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Welcome to ‘Henry’s World’

By |2005-11-24T09:00:00-05:00November 24th, 2005|Entertainment|

Michigan native Cathy Conheim calls her three-legged cat, Henry, a “therapet.”
It’s an accurate term for a kitty that has touched so many lives, including Conheim’s own, in so many unexpected ways.
Conheim, a psychotherapist in La Jolla, California, and her partner Donna Brooks were avowed “dog people” when little Henry came into their lives, his front leg badly injured. When the couple took Henry to the vet they learned he needed to have his leg amputated. It didn’t take long for Conheim and Brooks to decide to hand over the money for the operation. They soon found themselves handing over their hearts, too.
Thus, two “dog people” became smitten with a kitten.
Like any proud mom, Conheim composed an email about Henry’s big adventure to a few friends using “Henry’s voice.” Soon Henry received hundreds of emails from all over the world. To date he has received over 3,000 messages, many from people eager to share their own stories about resilience, survival and loss.
The outpouring of interest in Henry’s story led to the publication of “Henry’s World,” the story of a resilient tri-pod kitty as told through his correspondences with his friends, animal and human.
“This is a book told through a cat about how he won a battle around disability and prejudice and trust,” Conheim, self-described “cat scribe,” said.
“I think it’s a book about how we survive our wounds and the different ways we have of moving through the world and the power of reaching out,” said Conheim. “It teaches the power of stories.”
Animals, she said, give us an excuse to talk to a stranger. “We’re much too polite or uptight to start a real conversation with someone on the street,” she said. “I hope it’s a model for: what if we lived our life this way, what if we reached out when we were sad and hurt?” Henry opens that door.
The day Conheim spoke to BTL she’d received news that Emmy Lu’s mom, Dee, had passed away. Dee was one of the first people to start communicating with Henry through the persona of her cat Emmy Lu. Many of her messages are included in “Henry’s World.” With her husband overseas in the military, it was to Henry that Dee first talked about her cancer diagnosis. “She was confiding in a stranger,” said Conheim.
Dee continued corresponding with Henry throughout her illness.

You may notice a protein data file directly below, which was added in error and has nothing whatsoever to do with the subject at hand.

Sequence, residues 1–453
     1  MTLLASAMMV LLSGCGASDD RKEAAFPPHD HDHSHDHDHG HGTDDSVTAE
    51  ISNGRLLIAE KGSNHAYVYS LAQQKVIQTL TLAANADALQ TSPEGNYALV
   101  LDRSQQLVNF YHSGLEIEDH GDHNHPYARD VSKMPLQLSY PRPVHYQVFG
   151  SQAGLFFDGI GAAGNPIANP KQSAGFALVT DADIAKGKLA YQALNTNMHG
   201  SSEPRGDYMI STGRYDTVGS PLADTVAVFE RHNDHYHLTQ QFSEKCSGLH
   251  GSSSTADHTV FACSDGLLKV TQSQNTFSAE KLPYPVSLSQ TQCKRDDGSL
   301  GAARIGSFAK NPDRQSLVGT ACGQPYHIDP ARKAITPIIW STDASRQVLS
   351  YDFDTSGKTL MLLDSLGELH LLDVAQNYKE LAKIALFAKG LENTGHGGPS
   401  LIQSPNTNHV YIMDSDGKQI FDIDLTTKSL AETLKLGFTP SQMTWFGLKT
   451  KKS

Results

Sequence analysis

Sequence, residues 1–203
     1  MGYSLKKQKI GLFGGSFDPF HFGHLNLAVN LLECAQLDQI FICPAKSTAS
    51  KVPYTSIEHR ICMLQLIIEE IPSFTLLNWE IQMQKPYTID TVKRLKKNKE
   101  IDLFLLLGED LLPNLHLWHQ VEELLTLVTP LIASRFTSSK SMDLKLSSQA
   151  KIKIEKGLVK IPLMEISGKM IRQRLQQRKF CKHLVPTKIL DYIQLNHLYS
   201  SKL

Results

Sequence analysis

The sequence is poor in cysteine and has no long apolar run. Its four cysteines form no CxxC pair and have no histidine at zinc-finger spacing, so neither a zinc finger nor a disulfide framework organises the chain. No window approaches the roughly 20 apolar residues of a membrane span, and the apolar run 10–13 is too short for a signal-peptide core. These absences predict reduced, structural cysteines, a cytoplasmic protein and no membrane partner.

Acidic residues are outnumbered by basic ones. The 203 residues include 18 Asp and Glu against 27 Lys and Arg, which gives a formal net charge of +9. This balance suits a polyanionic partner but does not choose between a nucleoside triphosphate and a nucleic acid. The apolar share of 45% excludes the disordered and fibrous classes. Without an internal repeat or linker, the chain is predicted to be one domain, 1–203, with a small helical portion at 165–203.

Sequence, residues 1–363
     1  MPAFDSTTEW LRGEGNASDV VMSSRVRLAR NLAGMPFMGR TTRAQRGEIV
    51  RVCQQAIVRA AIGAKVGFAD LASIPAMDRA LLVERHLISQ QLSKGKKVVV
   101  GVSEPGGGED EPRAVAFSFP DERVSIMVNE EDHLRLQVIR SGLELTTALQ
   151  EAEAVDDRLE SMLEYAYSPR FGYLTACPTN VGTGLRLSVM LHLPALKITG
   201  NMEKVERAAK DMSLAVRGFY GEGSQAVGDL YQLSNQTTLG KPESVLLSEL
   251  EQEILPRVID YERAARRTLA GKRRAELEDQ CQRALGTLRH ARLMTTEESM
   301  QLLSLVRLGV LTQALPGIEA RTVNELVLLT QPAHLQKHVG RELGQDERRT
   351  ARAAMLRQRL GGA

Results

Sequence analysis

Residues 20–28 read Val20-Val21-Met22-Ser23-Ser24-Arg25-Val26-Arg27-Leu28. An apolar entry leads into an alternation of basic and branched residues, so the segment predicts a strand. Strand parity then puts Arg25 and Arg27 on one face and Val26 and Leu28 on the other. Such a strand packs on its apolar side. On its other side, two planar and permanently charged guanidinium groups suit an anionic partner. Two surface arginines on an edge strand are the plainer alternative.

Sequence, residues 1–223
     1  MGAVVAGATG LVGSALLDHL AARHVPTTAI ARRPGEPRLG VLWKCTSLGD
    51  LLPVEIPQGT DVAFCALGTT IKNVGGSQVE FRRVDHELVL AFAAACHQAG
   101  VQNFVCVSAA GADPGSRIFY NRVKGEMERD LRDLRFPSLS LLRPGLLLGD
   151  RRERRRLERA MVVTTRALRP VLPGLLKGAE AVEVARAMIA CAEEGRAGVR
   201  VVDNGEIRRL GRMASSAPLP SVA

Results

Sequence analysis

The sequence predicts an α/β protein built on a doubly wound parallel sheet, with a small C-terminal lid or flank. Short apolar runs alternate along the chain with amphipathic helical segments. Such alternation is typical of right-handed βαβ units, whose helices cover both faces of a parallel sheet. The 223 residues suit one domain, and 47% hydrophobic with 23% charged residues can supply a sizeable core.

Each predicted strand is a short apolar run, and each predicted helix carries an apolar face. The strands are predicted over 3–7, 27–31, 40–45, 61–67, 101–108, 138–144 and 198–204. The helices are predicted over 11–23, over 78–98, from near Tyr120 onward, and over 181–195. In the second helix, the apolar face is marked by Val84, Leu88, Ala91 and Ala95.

“It’s one of the things that really allowed me to see the power of how people will talk to an animal,” said Conheim.
One of Dee’s last wishes was to fly from Seattle to California to meet Henry. She stayed four days at Henry’s home. “He stayed all four days in her room,” said Conheim.
When Dee returned home she continued corresponding with Henry as Emmy Lu. “I’ve cried as much about Dee as friends I’ve known for years,” said Conheim. “It got into my heart that deeply through Henry.”
Though “Henry’s World” is written in a light, whimsical style, Henry offers many lessons for his two-legged friends. After all, the book is subtitled: “A Three-Legged Cat’s View of Human Absurdity.”
“It’s certainly a book about overcoming prejudice,” said Conheim. Before Henry, she said, “I hated cats.” Or so she thought.
“It sort of teaches that you can only hate what you don’t understand, which is certainly what gay people are subjected to,” she said.
“It’s also a book about the power of this virtual world called the Internet,” she said. Without email, “Henry’s World” wouldn’t exist. “In a million years I wouldn’t have sat down and written letters by hand.”
Through word of mouth, including an email sent by Robin Tyler to the DontAmend.com list, copies of “Henry’s World” are being sold, each copy raising money for animal charities. “I sold 1,100 copies in seven weeks and it doesn’t exist anywhere except in my garage,” said Conheim, who self-published the book and mails each copy out herself.
Conheim makes no profit from the books. “Henry’s World” is truly a labor of love and a way for Conheim to combine her passion for animals and her passion for creating innovative ways of doing healing. All profit from “Henry’s World” goes to various animal charities.
Conheim’s goal is to raise a million dollars to help animals. However, she already knows her special little cat Henry is a success.
“If Henry didn’t do anything else but change Emmy Lu’s mom’s life for the last year, he made a difference,” she said.

Buy ‘Henry’s World’ and support WAGS

Cathy Conheim and Henry will donate the profits of each copy of “Henry’s World” purchased by BTL readers to WAGS of Metro Detroit, a program that helps people living with HIV/AIDS keep their companion animals. Books are $20 plus $5 shipping and handling and can be ordered online using PayPal at http://www.henrysworld.org or by mail through Breakthrough Press; PO Box 135; La Jolla, CA 92038. Make checks payable to Cathy Conheim. Be sure to indicate “WAGS” in the PayPal message box or with your check.

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